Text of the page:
Rehabilitation vs. Punishment

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The role of the Justice System is to punish and rehabilitate those who commit crimes and to try to decrease and prevent further crimes from happening. However, rehabilitating these criminals, rather than punishing them, will produce the most beneficial results for all of society as a whole.

Crime impacts almost every segment of society from the tax-payer to those who fear criminals and to the people tasked with the responsibility of dealing with these criminals. Recent findings based on over 500 studies spanning five decades of research indicates that any kind of rehabilitation reduces the chance of a criminal striking again by an average of 10%, as they learn how to adapt to society by gaining academic or trade skills.[1] [2] These programs offer offenders employment, giving them a sense of “being” by contributing to society. With the amount of crimes and criminals decreasing, future victims and their families are being spared from experiencing the pain and emotional suffering that accompanies any type of crime, such as a woman who can no longer sleep due to rape.[3] Incapacitation has been the most common form of punishment; however research states that 63% of these released felons will strike again, as opposed to rehabilitation.[4] Thus, rehabilitation programs generate benefits in the form of future reductions in crime and crime-related costs that would not occur should these criminals be punished instead.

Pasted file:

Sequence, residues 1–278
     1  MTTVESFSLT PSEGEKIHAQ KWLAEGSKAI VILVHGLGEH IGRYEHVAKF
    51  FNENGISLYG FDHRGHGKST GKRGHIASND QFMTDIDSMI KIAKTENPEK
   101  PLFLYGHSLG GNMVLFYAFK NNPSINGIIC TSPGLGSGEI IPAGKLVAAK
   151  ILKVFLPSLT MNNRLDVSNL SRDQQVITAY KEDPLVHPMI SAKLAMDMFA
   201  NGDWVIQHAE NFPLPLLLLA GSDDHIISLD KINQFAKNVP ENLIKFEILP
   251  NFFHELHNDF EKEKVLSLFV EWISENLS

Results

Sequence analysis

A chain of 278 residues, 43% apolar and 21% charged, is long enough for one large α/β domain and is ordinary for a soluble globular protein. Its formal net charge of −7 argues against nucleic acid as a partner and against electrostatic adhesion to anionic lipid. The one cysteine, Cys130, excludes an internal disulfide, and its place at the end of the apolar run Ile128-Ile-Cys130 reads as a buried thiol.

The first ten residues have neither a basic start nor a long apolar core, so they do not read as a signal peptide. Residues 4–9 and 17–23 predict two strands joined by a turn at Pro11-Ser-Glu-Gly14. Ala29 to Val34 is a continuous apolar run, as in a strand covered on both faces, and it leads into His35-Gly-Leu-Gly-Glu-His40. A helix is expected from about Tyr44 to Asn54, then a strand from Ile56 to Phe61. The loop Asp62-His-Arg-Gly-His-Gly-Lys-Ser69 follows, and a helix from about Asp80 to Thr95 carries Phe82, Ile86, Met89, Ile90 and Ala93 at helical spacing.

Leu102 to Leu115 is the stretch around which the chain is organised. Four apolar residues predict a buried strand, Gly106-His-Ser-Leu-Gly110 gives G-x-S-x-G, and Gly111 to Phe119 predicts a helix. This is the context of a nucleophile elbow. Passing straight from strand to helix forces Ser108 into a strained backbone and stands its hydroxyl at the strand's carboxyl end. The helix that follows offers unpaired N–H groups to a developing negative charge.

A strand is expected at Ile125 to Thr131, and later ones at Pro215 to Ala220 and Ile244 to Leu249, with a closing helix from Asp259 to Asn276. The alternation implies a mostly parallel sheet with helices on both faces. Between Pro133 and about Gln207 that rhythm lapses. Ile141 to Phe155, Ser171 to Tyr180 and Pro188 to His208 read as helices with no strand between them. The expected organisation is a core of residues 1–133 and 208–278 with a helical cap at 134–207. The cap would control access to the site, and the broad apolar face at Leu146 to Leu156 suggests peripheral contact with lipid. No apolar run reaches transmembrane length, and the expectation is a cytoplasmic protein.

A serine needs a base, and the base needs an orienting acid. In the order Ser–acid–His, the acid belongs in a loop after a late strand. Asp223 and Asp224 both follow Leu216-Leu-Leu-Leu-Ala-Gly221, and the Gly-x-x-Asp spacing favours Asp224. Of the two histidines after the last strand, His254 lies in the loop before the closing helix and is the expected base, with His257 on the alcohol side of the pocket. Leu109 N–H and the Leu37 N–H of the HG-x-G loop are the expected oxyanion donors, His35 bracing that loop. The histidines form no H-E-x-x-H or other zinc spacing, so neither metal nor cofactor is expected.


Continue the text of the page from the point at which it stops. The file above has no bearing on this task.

Crime-related costs from an economic perspective also play a major part in the benefits of rehabilitation.[5] It has been reported that it costs an average of $30,000 per year to house, feed, clothe and supervise a prisoner while rehabilitating these prisoners cost $10,000 less. Researchers had analyzed 108 rehabilitation outcome studies using a cost-benefit approach and they have demonstrated that on average, every dollar spent on rehabilitation services saves the taxpayers an additional $5 and the victim an additional $7. Punishment-oriented...
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